Alexander Hamilton (1755–1804) represented the Federalist Party perspective on events in France. He, and they, supported the moderate phase of the Revolution, which they understood to be about U.S.–style liberty, but detested the attacks on security and property that took place during the Terror. In particular, Hamilton distrusted the popular masses. However, even he concedes how important the... Read More »
This account, probably by Thomas Howell, a soldier of the Highland Light Infantry regiment, offers a firsthand account of the skirmishes between British/Portuguese forces and the French armies. Little is known about Howell except that he was born in 1790 of Methodist parents. His memoir was published shortly after the events described (a second edition dates from 1819).
The “French” armies included units from many allied states. Excerpted below is the memoir of an ordinary foot soldier in Napoleon’s army. Jakob Walter came from Württemburg, one of the medium-size German states allied with Napoleon. He fought against other German states, in this instance Prussia.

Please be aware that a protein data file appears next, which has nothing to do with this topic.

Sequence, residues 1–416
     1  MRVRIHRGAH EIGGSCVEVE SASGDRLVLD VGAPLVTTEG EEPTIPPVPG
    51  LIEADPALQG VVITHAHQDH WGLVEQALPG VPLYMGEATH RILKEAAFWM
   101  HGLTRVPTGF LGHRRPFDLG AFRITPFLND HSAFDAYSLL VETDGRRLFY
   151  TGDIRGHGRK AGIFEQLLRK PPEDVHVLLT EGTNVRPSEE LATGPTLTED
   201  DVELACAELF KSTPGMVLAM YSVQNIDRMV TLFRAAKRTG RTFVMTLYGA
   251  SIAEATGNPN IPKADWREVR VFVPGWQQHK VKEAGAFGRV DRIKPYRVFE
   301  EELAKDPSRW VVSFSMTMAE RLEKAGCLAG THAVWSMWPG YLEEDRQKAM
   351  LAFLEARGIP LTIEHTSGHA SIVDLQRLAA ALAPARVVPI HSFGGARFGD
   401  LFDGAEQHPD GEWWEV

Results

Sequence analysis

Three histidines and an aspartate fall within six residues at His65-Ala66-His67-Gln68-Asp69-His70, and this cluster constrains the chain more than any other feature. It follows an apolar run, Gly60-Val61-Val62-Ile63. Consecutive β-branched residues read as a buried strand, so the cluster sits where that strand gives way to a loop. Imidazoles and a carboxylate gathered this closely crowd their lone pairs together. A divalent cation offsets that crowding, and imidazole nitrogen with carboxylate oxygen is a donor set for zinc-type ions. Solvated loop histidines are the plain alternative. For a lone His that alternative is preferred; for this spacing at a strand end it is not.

The modules in Methods present case studies that demonstrate how scholars interpret different kinds of historical evidence in world history.. In the video below, historian Merry Wiesner-Hanks analyzes two personal accounts written by women living in northern Germany in the 17th century. The first is a diary written by a Jewish merchant, Glikl of Hameln. The second is a memoir written by a... Read More »
This account by British Private William Wheeler of the 51st Regiment gives a vivid account of the hand–to–hand fighting in Portugal. Wheeler’s letters home were saved by the family and form the basis of their publication in 1949.
Arthur Young, an Englishman, traveled across France on the eve of the Revolution recording his impressions of life there, particularly those aspects that seemed to him to compare unfavorably with his native land. In the excerpt below, he comments on the peasantry’s landholdings, remarking on the multiple arrangements of land tenure and on the small size of peasant farms, all of which seemed... Read More »
Following the fall of Nicolea Ceausescu's regime in December 1989, violence among the various ethnic groups in Romania noticeably increased. In particular, the Roma (colloquially, the Gypsies) were the target of violent persecutions throughout Romania during the spring and summer of 1990. Following a series of anti-government demonstrations in the Romanian capital, Bucharest, on 13-14 June... Read More »